The Psalter, by giving us the words to talk to God, and by reorienting our affections, therefore sets out a deep challenge to the most common modern accounts of Christian ethics which look to extract “timeless” moral truths that can then be “applied” to the circumstances of our lives. For the Psalmists, faith looks very different. Faith is the exploratory testing of God’s promises in Scripture. For them (as for Augustine and Luther) human action is the expression of what we love, and the Psalter is the biblical book supplied by God for Christians to perform in order to reorient the loves they have inherited from the world.

Modern Christians, especially Protestants, tend to think of doxology as a discreet activity or portion of the worship service. The result is that in academic contexts doxology, if discussed at all, appears in the context of liturgics courses. As such it stands far removed from ethics. In academic contexts, Christian ethics, in those places where it is understood as drawing on Scripture, thus takes place in a very different intellectual atmosphere. That atmosphere is almost always marked by lengthy discussions of hermeneutics. Hermeneutics is a popular terms these days, and when applied to Scripture in the context of courses on Christian ethics, usually covers questions about how a text that grew out of a misty and very different ethical world can be relevant for today’s ethical deliberations. But in the Psalms such questions evaporate, to the benefit of contemporary Christians.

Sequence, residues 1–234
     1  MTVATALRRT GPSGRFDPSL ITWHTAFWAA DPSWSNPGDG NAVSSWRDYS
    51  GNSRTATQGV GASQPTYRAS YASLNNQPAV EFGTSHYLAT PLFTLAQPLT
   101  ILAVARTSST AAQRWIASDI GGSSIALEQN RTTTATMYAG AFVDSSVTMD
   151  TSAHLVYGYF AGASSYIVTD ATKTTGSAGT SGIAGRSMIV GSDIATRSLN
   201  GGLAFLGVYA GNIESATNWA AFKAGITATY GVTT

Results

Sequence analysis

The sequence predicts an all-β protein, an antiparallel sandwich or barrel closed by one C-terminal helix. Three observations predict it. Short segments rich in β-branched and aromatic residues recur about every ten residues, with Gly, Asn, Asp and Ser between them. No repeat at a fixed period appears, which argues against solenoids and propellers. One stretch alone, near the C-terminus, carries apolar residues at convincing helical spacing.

The following quotation from the book sums up why and how the Psalter, and the Christian interpretative tradition, helps us to see beyond contemporary disciplinary divisions by conceiving us as human beings learning to follow God: